Presentation Tip: Three uses for a black slide
The basic premise of a black slide is that there is nothing on the screen for the audience to look at. In the absence of a visual, where does the audience naturally look? At the presenter. Now, as the presenter, you have 100% of the audience’s attention. Nothing is distracting them from what you are about to say. That is quite powerful. So when should you use a black slide?
The first use follows from the focus that the audience will have just on you. Use a black slide when you want to tell a powerful story that illustrates your point. In my workshops, I demonstrate this use when I black the screen and tell a story about how the idea I have just shared with the participants helped in a real presentation situation. The audience is paying full attention to you when you tell the story.
In this first use of a black slide, you know exactly when the story will be told and you can create a black slide in your PowerPoint file. The easiest way to create a black slide is to add a new slide and draw a black rectangle to cover up the entire slide. This method is much easier than trying to change the background of the slide to black. It also will work when you copy this slide to another place in your presentation or even another presentation.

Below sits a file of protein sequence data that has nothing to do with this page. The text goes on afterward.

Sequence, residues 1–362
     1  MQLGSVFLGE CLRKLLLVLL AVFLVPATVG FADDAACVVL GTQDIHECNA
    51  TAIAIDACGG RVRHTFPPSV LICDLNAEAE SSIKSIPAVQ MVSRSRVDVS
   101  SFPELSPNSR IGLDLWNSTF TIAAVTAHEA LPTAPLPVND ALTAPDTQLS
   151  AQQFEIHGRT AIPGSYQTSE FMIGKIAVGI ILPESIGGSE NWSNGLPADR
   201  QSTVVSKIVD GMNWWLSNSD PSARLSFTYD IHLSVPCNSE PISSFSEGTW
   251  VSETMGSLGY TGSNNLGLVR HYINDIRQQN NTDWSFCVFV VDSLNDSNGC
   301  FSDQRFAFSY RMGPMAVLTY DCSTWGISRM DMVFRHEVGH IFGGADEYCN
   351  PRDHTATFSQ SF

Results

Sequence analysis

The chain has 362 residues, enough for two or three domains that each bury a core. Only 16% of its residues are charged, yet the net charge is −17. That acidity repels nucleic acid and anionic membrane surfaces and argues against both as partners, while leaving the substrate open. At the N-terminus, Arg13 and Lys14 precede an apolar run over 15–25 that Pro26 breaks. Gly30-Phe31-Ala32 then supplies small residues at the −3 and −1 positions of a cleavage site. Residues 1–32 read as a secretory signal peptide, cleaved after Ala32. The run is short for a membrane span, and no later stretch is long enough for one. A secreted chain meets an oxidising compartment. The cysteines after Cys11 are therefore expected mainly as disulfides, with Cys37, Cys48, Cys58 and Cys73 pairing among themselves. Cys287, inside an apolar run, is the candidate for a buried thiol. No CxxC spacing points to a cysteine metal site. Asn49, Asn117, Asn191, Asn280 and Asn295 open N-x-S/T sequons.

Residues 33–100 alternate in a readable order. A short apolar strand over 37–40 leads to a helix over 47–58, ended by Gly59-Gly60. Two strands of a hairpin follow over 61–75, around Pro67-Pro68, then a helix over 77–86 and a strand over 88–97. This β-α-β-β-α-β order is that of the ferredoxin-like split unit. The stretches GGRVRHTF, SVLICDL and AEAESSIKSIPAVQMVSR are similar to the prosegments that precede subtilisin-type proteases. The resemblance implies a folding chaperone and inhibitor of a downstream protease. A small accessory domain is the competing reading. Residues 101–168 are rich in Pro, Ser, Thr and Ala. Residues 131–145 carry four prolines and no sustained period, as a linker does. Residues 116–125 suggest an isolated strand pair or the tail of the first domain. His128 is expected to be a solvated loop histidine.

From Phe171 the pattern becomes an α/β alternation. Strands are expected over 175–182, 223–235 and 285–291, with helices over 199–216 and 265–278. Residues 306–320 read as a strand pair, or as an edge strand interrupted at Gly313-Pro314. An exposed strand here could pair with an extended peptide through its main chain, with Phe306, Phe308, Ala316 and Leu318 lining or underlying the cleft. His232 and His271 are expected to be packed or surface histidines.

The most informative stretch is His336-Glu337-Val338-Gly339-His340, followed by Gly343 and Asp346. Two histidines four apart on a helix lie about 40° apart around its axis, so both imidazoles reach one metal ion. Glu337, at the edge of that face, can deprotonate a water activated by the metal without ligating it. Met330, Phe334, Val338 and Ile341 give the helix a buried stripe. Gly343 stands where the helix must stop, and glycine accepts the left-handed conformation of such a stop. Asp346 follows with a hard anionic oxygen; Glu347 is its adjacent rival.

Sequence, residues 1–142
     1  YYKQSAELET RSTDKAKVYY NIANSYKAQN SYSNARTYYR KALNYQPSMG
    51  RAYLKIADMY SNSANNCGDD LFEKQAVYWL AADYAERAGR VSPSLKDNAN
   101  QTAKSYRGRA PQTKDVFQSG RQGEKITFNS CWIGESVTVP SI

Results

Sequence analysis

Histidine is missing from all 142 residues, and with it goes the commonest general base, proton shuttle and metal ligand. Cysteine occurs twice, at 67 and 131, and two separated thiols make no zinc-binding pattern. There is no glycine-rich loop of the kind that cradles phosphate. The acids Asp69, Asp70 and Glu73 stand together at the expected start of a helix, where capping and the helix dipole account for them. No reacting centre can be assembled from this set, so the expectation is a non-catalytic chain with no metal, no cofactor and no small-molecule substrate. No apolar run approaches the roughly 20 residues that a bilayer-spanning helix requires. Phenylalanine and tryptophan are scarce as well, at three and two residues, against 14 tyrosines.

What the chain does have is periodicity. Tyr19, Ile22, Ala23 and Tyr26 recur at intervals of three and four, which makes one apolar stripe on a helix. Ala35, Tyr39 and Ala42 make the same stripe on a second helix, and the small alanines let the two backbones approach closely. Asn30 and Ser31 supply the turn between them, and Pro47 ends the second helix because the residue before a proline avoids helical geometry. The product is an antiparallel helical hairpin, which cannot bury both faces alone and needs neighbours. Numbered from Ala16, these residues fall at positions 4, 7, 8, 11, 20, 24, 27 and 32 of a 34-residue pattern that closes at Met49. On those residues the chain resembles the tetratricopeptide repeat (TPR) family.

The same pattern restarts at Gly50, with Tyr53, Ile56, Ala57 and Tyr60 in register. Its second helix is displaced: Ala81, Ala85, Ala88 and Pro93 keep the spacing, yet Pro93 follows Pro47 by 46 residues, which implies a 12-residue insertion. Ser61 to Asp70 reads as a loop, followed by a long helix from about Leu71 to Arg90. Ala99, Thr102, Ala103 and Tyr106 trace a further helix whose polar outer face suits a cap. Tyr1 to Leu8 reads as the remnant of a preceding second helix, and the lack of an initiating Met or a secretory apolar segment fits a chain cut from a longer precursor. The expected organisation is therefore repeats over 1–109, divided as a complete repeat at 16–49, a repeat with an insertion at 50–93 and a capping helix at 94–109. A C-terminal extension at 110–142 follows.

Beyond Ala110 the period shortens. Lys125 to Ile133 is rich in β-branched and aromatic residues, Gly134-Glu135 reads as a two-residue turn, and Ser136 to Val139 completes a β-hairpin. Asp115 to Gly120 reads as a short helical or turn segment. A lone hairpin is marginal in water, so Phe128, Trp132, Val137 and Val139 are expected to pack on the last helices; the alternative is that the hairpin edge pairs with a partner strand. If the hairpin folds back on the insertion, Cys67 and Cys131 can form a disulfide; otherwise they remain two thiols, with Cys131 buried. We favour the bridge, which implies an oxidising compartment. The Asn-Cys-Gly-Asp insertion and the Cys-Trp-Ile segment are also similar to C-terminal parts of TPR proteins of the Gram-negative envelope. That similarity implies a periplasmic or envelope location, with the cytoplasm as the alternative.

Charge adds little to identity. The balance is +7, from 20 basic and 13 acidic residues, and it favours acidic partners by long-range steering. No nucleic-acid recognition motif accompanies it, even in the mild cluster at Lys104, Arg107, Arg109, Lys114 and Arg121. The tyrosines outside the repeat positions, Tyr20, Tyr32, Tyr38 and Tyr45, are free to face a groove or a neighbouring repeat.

The second use for a black slide is not something you can plan for in advance. When someone asks a question during the presentation, should you leave the slide up or go to a black slide? The answer depends on whether the visual on the screen is relevant to the answer you are giving. If the visual is not related to the answer, go to a black slide. That way, the audience will focus only on the answer you are giving and not be distracted or confused by the visual that does not relate to the answer. How can you go to a black slide at any time during your presentation? Simply press the period key (.) in Slide Show mode. This acts as a toggle between the current slide and a black slide.
The third use for a black slide could be planned or could be spontaneous. Any time you want to move in the room and will walk through the beam of the projector, go to a black slide before you move. One of the most annoying things you can do is walk through the projected image or stand blocking part of it. If you want to move from one side of the room to the other, just go to a black slide, move across the room, then go back to the slide you want to speak about. If this is planned as part of your presentation, you can create a black slide at that spot in the presentation using the technique described above. If it is spontaneous, black out the slide using the period key described above.
There is no rule saying you always have to have a slide on the screen. When you want to focus the audience and not distract them with an image on the screen, use a planned or spontaneous black slide. Your presentation will be more effective when you do.